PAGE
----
<p>Thanks. Even before your own sawmill, you could purchase green wood from a local sawmill as I did. It is good to support those local businesses. My local sawmill had his own solar kilns and helped me understand how to operate them properly. All the best.</p>
<p>This is so awesome!! I always wondered how you could kiln dry green wood at home without a big gas kiln... if I ever get the sawmill I want then I would definitely build this!! Thanks for posting!!</p>
<p>wow great project. So many people want to build this (including me), but you did it.</p>
Thanks for the kind words.
Could you modify to dry/ fire clay?
Hello - It may be possible but I think it would depend on the temperatures you need to achieve. 150-170 F are the warmest temperatures I have seen to date with this configuration. Another clay artist described a Japanese firing method where they built a fire at the base of a hill and the clay &quot;oven?&quot; extended up the hill. You may be able to use a solar collector in a similar configuration and use the naturally-rising warm air instead of fans. It would be an interesting experiment. You may also want to contact Dr. Brian Bond at Virginia Tech (VT) Department of Wood Science since they developed the wood kiln design and may know of other designs/examples that would suit your uses better. Good luck and send any info on your build.
also one cud use solar powerd fans
wud be good for drying food too
Was thinking of making something like this for drying painted parts in the colder months <br>great job
Good idea. I think the kiln could be used dry anything. PS. I have just ordered a solar panel to run the DC fans and make it completely solar. Good luck on your build.
As they say aboard ship, &quot; belay my last.&quot; I found what I needed here at Instructables. Who'd a thunk it? <br> <br>
Glad you found the information. And in answer to your question, yes, the kiln could be modified to heat other structures. I positioned a side door of the kiln to allow a duct to be constructed to blow heated air into the adjacent workshop, without interfering with any workshop posts or purlins. If I got really fancy, I might blow the air through some concrete blocks to create some thermal mass and direct the air flow at the concrete floor. Many possibilities.
What exactly is a pop can collector? I know I could look it up on line but I would rather hear it from other members of the Instructables family. <br> <br>I am wondering if this unit could be modded to become part of a heating system for a small shop or maybe even a green house.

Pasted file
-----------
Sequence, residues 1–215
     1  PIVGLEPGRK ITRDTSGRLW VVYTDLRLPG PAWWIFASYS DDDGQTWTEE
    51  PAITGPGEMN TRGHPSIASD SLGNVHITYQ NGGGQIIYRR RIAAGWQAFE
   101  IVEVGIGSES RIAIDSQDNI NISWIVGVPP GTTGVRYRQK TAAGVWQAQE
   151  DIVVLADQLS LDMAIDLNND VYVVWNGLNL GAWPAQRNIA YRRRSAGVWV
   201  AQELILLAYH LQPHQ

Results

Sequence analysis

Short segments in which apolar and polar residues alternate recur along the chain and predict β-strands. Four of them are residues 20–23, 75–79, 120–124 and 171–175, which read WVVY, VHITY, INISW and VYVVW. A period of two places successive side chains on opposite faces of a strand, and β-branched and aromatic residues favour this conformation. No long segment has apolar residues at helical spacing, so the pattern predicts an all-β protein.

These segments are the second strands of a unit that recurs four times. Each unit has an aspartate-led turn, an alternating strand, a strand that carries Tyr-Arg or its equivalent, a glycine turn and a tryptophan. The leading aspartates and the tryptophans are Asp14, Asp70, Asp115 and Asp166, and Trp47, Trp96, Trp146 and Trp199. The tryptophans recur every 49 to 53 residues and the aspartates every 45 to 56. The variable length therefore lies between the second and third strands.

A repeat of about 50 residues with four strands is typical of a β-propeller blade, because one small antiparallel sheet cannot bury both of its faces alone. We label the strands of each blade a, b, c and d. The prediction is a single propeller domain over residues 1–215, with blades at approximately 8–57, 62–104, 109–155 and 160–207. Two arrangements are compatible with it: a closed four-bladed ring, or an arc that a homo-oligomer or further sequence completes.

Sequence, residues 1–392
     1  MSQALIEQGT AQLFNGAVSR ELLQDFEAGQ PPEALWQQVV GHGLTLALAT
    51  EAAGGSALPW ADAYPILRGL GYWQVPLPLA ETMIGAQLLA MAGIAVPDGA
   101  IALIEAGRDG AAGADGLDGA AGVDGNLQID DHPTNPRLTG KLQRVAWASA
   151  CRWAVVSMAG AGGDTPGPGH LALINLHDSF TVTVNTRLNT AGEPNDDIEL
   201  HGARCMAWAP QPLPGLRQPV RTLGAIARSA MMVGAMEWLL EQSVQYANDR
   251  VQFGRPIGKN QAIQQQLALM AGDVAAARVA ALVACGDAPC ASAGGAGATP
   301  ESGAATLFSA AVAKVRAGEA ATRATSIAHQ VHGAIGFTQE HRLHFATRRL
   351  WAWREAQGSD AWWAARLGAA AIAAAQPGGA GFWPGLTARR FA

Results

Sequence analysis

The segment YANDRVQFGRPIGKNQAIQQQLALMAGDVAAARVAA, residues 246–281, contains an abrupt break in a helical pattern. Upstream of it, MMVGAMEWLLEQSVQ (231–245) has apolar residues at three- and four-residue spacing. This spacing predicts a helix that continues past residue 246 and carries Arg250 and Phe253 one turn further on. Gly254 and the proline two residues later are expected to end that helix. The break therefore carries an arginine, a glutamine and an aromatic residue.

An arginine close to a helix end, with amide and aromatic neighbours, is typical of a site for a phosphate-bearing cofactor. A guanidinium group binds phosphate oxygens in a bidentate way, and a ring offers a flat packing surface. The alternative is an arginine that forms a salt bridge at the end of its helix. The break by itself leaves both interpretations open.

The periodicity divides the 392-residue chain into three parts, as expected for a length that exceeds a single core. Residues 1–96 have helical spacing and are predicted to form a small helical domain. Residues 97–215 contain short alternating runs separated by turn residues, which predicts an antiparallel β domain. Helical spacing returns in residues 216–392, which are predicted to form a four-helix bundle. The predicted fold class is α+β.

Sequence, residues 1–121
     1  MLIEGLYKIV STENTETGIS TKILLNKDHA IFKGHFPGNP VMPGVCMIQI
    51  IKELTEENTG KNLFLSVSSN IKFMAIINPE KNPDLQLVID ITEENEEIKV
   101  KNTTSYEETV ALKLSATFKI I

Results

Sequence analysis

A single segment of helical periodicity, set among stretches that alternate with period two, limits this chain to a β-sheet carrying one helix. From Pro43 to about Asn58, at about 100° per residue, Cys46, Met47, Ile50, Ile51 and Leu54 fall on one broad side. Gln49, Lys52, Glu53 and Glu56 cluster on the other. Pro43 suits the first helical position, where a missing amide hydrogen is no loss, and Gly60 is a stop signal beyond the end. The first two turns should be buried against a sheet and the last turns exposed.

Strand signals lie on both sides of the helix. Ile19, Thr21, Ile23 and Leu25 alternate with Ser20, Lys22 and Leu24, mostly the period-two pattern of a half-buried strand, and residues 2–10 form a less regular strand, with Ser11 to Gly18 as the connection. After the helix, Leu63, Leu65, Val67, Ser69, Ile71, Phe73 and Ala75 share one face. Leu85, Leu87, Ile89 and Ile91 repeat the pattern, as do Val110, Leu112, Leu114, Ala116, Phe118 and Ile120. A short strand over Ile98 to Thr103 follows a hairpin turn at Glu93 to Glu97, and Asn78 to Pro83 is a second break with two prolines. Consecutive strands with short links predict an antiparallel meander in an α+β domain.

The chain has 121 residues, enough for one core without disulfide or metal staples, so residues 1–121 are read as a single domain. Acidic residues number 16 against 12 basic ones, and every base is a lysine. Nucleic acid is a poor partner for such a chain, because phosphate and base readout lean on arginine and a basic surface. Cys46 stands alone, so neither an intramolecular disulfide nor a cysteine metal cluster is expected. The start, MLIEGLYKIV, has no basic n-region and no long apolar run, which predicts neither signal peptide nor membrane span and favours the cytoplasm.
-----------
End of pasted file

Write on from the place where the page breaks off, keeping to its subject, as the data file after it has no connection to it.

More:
Cool build! I've seen solar kilns in woodworking mags before but I like the looks of this one better. As I read this I had a thought. Have you ever thought about useing something like the popcan solar heater on this? Depending on the size you could generate more heat and use heat convection to move the air around and maybe not need the fans. Just a thought, but some reworking of the design may be needed for best results.
You and Bob from Kansas Wind Power are thinking alike. A pop can (or soda can depending on where you live) collector would work well, especially if constructed below and in front of wood box. Refer to my reply to sam D. <br><br> I used the metal roofing because it is somewhat easy to remove panels, if needed, and I was able to salvage scrap roofing from a friend's metal roof project.
Gday - great instructbale. I want to build one to dry clothes!<br> Have you thought of placing a cheap / removable reflector in front of the unit to increase the light capture?<br> People are doing this for solar panels - a kiln would make sense too. I have put a picture of a concept on my blog - sorry for relinking! <a href="http://samdidgaf.blogspot.com/2011/08/solar-concentrator-linear-reflector.html">http://samdidgaf.blogspot.com/2011/08/solar-concentrator-linear-reflector.html</a>
Gday also. Interesting idea on the additional reflector. Only my guess but seems like a reflector would work better with photovoltaics than a solar collector. The best answer would be to test with and without.. In a similar vein, Bob at Kansas Wind Power made the suggestion of putting the collector below and in front of the wood container and allow the natural rising of warm air to dry wood and not even use fans.
Good question; I did not mention exhaust. Currently, moist air exhausts through one of the side doors. The VT plans call for vents on the lower side of the back doors. I may need to add vents there also.
Thanks for posting I've been wanting/needing to build a kiln for some time. But I must have missed something, where does the moist air exhaust?
Thanks for compliment; I put a lot of work into it.
That is such a great idea! Thanks for sharing how you built this kiln.